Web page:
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Chinese Play a Global Name Game

Striving for something unique and meaningful, young people adopt such monikers as Vanilla, Thunder, Bryan and Scallion.

November 17, 2002|Ted Anthony | Associated Press Writer

BEIJING — First she tried "Linda" on for size, but gave it up because her boss also was named Linda. Then she turned to "Vivienne," for Julia Roberts' character in "Pretty Woman." Soon, though, various Vivians and Viviennes were crossing her path.

So when Wang Wei, a marketer in a Beijing hotel, chose her third English name, she wanted to make absolutely certain that it was unique. She found it while shopping in the frozen foods aisle of a supermarket and is still answering to it seven years later.

"In China," Vanilla Wang says today, "it really helps to have a name people remember."

China talks of opening to the world, of how the most populous nation is becoming international in epic ways. But it unfolds on smaller canvases too: Just look at the English names of the younger generation -- names they have chosen meticulously to present themselves to the world beyond China.

They find inspiration in foods (Scallion Liang, a student), in Italian soccer players (Baggio Hua, a mover), in names that evoke centuries past (Ignatius Ding, a government employee) and names that just plain sound cosmopolitan (Harlem Zhao, a waitress, and Echo Wang, an account executive).

It's globalization, on the most personal of levels.

"Foreigners, when they choose Chinese names, go by phonetics. But Chinese prefer something with meaning," said Wang Xuejun, author of the popular volume "Choose English Names."

"More Chinese are leaving China. More Chinese are coming into contact with foreigners in China," he said. "And English is the world's language. So a beautiful or unique English name gives you access to all the countries of the world."

It also gives young Chinese the opportunity to craft a logo of sorts, something that gives them personality in a sometimes impersonal society -- and that they can find by plundering fashionable Western popular culture.

And plunder they do.

There is Zhao Tianqi, an artist whose wood-block prints -- a cross between socialist realism and Andy Warhol -- were selling well to foreigners. She decided that she needed an appropriate moniker, so Colour Zhao, complete with British spelling, was born.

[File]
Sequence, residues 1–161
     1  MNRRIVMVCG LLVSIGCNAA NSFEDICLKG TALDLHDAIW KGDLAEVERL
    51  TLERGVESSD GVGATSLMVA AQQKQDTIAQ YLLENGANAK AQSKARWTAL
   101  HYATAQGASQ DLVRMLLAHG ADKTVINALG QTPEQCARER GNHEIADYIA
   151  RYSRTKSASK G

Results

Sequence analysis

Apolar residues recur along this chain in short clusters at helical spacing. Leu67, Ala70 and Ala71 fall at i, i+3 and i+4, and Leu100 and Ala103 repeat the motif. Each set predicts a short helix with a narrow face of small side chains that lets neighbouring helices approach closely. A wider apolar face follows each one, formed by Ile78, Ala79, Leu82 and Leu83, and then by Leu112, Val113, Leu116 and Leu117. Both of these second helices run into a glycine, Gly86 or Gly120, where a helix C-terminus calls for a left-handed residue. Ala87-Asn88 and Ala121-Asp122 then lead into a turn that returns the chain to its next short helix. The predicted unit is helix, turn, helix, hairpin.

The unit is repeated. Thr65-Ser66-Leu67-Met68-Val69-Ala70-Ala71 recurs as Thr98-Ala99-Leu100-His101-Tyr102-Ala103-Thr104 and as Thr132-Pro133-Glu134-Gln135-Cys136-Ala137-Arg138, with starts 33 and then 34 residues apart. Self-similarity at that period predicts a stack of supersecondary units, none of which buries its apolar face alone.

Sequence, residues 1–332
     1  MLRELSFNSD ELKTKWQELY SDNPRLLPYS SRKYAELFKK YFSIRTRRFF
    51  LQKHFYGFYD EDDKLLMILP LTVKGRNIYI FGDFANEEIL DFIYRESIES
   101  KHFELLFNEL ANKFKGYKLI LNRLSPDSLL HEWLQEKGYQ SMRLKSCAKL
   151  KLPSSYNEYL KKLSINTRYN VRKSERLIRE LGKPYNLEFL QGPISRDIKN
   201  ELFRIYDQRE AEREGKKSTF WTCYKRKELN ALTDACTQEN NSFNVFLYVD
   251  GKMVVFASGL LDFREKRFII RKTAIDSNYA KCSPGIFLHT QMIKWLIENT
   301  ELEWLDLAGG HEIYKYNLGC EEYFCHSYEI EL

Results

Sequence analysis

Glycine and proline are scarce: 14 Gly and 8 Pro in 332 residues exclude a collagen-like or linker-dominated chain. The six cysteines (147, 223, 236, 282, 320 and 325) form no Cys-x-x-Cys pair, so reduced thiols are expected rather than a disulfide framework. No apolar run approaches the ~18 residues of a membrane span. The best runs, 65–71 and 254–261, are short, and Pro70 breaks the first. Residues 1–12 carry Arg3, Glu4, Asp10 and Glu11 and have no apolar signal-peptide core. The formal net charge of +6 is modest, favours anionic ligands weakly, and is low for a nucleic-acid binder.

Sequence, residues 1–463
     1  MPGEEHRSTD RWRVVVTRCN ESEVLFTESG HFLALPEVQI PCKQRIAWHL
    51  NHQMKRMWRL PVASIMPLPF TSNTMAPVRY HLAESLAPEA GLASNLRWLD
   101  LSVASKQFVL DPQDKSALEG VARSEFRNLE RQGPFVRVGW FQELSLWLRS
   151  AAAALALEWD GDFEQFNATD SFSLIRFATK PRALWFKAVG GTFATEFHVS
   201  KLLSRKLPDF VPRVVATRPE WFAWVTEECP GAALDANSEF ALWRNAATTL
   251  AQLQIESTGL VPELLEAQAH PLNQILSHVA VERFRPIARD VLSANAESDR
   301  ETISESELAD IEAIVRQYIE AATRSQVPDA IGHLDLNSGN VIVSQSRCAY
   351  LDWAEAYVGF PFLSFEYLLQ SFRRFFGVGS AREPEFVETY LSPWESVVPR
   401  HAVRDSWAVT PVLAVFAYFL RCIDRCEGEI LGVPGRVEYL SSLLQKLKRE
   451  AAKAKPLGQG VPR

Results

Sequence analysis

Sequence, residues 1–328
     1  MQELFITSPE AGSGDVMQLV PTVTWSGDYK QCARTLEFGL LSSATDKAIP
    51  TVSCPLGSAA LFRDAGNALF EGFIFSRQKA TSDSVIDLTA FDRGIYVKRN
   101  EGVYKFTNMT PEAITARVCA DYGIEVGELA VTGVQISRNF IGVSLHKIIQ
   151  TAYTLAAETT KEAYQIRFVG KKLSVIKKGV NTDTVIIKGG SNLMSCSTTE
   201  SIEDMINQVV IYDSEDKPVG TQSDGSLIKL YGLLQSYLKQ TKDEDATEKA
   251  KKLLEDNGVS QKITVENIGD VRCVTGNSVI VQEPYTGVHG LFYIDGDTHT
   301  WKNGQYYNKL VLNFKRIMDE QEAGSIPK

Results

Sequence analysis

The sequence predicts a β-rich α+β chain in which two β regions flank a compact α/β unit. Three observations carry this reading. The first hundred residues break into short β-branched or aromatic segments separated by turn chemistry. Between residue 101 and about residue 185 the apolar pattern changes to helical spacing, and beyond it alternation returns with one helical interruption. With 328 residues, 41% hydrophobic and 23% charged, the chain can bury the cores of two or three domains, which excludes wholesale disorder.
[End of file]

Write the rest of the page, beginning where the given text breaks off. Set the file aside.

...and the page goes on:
"Doesn't it fit just right?" she boasted.

There is Li Yang, who works for the government in the southern city of Zhuhai. "I was listening to Bryan Adams and 'Everything I Do....' So I thought, 'Why not Bryan?' " he recalled. "So it's Bryan with a 'Y.' "

There is Wang Lei, a 24-year-old video editor who translated his birth name and now roams Beijing as Thunder Wang.

And Cheng Ming, who works for the foreign affairs office in the port city of Xiamen, chose "Light" simply because it's a translation of "Ming." He uses both -- depending on the situation.

"On the mainland, it's like a different face. 'James' in the office is different than 'Chen Jun' at home. That English name may represent a side of them that eats at McDonald's and listens to George Michael and works with Westerners," said Steven Schwankert, an Internet analyst who focuses on China.

He once taught an English class that included Scallion Liang. "I said, 'Why would you name yourself after a green onion?' She said, 'I really wanted to name myself Scarlett, as in O'Hara, but I'm not glamorous enough to be a Scarlett. So instead I looked for a word that sounded like it.' "

Chinese place much greater stock in the meaning of names than most native English speakers. In China, many foreign words are assimilated into Chinese with great care. America is "meiguo," or "beautiful country"; Elvis is "maowang", or "King Cat."

So it goes with native Chinese-given names too. During the 1950s and 1960s, the nationalistic fervor whipped up by Mao Zedong produced children with given names like "Jianguo," "Jiefang" and "Aijun" -- "build the nation," "liberation" and "love the army."

In mainland China, the first syllable is the family name and the second two (or sometimes only one) are the given name, which is rarely used by itself (few would have dared address Chairman Mao as "Zedong").

Chinese have taken Western first names for generations, whether because of conversion to Christianity, colonization or emigration. Some who used English names have gone back to their birth names to reclaim a sense of Chineseness; the Harry Lee who attended Cambridge University, for instance, is better known today as Lee Kuan Yew, Singapore's elder statesman.

In Hong Kong, a British colony for 150 years until 1997, English first names were understandably popular, and many chose theirs to evoke the United Kingdom -- producing sundry Desmond Leungs, Agatha Maks and Winnie Tses. But the latest generation on the mainland, courting internationalism, has been much more freewheeling.

"I just looked through the dictionary and there it was. I wanted something unique -- not an average name," says Aegean Zhang, who tends bar at Henry J. Bean's, an American-style restaurant in Beijing.

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